Watching watts for off-the-grid living

Paul Boerger
Jeff and Cindy Weiss in their northern Siskiyou County home. With the look, feel and many amenities of a typical home, the house uses only 1,440 kilo-watt hours per year, compared to the 10,656 kilo-watt hours used in an average American home.

Living off the grid is a possible dream come true for some and a nightmare for those who envision a small dark unlit, unheated cabin deep in the woods. Jeff and Cindy Weiss in northern Siskiyou County live the dream without the nightmare.

Twenty years ago they bought 300 acres in the rolling hills near Montague and began their off-the-grid odyssey. Jeff and Cindy now enjoy a television, have a computer, electric lights and the home feels and looks like any neighborhood house.

Under the hood, however, there are huge differences. Solar panels and a windmill bring electricity to the house batteries, an outside passive solar shower, with the gray water going to a potato patch, keeps them clean, and a wood stove heats the house. Double walls keep the home warm in winter and cool in summer.

It is not, however, the energy production that Jeff and Cindy point to when they talk about living off the grid; it is Conservation with a capital C that the Weiss’s live by and promote whenever possible.

The average American home uses approximately 10,656 kilowatt-hours per year. The Weiss’s use just 1,440. It is not the technology they have, but what they don’t have that makes the difference.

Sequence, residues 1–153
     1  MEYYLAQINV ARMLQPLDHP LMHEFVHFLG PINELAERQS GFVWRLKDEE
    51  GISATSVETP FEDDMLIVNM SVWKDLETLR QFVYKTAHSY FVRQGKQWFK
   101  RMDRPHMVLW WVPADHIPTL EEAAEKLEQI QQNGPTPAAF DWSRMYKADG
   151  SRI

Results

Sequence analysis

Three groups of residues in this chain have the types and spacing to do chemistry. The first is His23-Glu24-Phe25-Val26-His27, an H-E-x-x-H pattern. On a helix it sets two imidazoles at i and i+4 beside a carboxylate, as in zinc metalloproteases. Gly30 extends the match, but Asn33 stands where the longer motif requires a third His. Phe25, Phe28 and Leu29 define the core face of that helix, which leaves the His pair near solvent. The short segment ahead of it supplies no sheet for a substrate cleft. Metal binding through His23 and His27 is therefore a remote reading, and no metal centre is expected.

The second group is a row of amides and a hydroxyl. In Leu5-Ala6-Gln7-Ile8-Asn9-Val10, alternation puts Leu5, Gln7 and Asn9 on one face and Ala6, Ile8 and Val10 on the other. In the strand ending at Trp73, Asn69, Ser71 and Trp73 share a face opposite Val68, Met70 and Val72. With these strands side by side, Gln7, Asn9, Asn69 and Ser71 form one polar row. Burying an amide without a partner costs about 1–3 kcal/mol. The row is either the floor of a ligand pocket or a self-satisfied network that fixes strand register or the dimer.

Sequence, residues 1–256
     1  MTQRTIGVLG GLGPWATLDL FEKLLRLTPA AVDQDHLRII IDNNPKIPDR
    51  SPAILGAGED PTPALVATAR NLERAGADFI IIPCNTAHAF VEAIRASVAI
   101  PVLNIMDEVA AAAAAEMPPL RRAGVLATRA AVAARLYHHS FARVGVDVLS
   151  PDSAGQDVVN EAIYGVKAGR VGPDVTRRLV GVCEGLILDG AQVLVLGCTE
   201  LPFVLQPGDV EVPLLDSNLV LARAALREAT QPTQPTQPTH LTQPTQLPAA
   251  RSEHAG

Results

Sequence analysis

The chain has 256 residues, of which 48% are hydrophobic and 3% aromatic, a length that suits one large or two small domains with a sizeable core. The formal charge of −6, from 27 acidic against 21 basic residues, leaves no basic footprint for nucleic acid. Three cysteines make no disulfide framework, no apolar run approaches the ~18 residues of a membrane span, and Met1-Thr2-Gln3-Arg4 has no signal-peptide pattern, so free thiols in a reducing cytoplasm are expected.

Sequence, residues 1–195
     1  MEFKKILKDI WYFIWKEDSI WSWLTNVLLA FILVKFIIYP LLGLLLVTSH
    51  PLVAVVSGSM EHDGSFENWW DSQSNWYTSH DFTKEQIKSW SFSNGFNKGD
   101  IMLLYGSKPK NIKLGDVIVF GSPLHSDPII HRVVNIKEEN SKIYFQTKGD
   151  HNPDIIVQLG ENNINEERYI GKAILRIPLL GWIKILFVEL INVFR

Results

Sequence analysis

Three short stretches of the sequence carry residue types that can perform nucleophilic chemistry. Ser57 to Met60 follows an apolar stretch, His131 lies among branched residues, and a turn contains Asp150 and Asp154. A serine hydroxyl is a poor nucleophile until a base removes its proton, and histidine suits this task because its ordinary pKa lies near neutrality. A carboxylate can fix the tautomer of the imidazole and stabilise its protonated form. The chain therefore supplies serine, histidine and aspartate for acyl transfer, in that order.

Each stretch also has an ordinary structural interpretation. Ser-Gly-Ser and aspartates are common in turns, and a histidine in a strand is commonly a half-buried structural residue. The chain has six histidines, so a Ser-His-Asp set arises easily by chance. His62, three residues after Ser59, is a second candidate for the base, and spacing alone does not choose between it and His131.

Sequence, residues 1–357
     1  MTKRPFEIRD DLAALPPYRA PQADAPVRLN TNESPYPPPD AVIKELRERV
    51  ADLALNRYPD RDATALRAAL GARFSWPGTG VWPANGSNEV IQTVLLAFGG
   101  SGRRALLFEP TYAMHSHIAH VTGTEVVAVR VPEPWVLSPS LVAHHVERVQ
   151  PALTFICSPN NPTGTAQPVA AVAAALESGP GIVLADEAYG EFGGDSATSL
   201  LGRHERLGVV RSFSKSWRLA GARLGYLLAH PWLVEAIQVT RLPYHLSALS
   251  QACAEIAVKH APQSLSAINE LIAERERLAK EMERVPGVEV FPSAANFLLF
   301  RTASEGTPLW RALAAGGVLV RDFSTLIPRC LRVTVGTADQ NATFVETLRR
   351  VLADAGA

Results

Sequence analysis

“We look constantly at what we really need,” Jeff says. “We reduce our energy usage every way possible.”

There is no heating system that would require a circulating fan, clothes are dried on a line, dishes are washed by hand, the solar shower does not require a heater, and the small low energy refrigerator has no freezer.

“We don’t have leftovers that need refrigeration and we don’t have foods that need a freezer,” Cindy says.

Jeff and Cindy produce most of their food. Homemade bread, vegetables from both inside and outside gardens, almonds from an orchard, potatoes, jellies, special non-dairy butters and a variety of foods stored in canning jars are set on the table.

“We eliminated most foods that need refrigeration. We could be totally self-sufficient with some adjustments,” Cindy says. “It’s a lot of work though. I can spend hours in the kitchen.”

Jeff says he didn’t have an epiphany that told him to save the planet when he bought the land.

“I just wanted to get away from the barking dogs in town,” he says with a laugh. “I didn’t know a thing. I was completely ignorant. We made of lot of mistakes.”

Jeff says as he came to understand and love the land, his need to preserve and conserve grew.

“We are very conscious about not fouling the nest,” Jeff says. “We think about generations coming in the future.”

He says putting in solar and wind is appropriate, but not without conservation. “That’s fine, but unplug your dryer first.”

Jeff and Cindy are well aware of climate change issues and their lifestyle reflects that concern.

“It’s the right thing to do,” says Jeff. “The bucket is only so big. How many scoops do you really need?”

Jeff and Cindy are the founders and facilitators of Watt Watchers, a group that meets once a month to explore ways of reducing personal energy use. The public is invited. Watt Watchers will have a booth during the April 25 Earth Day event at Mount Shasta City Park. For more information, call 530-459-5109.